Society

Society

Society in an age of robots

How Society is Changing in the Second Machine Age

Technology is shaping society, as it has always done so, but at a rate never experienced before in the history of mankind. This department is tracking the impact technology has on the fabric of our societies and humanity in general.

When toys meet virtual reality

The playroom is about to acquire a virtual dimension thanks to a new app. Researchers at ETH Zurich’s Game Technology Center want to use the app to inspire children’s imaginations and encourage creativity. It is now available in app stores to coincide with today’s Digitaltag.

Transfer Technique Produces Wearable Gallium Nitride Gas Sensors

A transfer technique based on thin sacrificial layers of boron nitride could allow high-performance gallium nitride gas sensors to be grown on sapphire substrates and then transferred to metallic or flexible polymer support materials. The technique could facilitate the production of low-cost wearable, mobile and disposable sensing devices for a wide range of environmental applications.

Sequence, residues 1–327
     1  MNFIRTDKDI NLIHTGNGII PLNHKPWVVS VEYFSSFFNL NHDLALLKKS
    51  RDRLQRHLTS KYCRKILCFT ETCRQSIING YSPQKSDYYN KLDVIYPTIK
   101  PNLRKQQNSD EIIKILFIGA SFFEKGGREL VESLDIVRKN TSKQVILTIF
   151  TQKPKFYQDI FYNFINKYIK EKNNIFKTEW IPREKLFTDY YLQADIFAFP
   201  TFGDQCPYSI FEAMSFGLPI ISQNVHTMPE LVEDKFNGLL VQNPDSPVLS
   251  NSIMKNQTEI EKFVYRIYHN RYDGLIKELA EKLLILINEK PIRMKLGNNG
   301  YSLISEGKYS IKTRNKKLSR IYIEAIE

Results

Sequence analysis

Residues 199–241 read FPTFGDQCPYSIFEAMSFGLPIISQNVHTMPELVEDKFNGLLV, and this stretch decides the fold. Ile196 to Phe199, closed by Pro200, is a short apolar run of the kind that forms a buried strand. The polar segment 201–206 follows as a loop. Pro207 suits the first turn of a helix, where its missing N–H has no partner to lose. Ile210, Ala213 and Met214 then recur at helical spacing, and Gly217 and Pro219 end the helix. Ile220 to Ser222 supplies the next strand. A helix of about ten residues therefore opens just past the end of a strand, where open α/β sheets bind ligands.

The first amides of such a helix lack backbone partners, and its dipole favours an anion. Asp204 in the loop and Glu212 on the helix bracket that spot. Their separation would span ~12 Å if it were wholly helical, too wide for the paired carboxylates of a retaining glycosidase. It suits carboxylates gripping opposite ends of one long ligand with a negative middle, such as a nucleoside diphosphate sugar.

How to store information in your clothes invisibly, without electronics

A new type of smart fabric developed at the University of Washington could pave the way for jackets that store invisible passcodes and open the door to your apartment or office. The UW computer scientists have created fabrics and fashion accessories that can store data — from security codes to identification tags — without needing any on-board electronics or sensors.

Fully integrated circuits printed directly onto fabric

Researchers have successfully incorporated washable, stretchable and breathable electronic circuits into fabric, opening up new possibilities for smart textiles and wearable electronics. The circuits were made with cheap, safe and environmentally friendly inks, and printed using conventional inkjet printing techniques.

Innovative material for soft sensor could bring new tactile tech

A new type of soft and stretchable sensor could find uses in applications ranging from athletics and health monitoring to prosthetics and virtual reality. The technology, called iSoft, is capable of sensing in real-time, or without delay, and can perform “multimodal” sensing, or sensing a variety of stimuli such as continuous contact and stretching in all directions.

Matthew Dahlitz

Matthew Dahlitz

Department Head

Matthew is Editor-in-Chief of The Neuropsychotherapist, a psychotherapist with a keen interest in neuroscience and technology.

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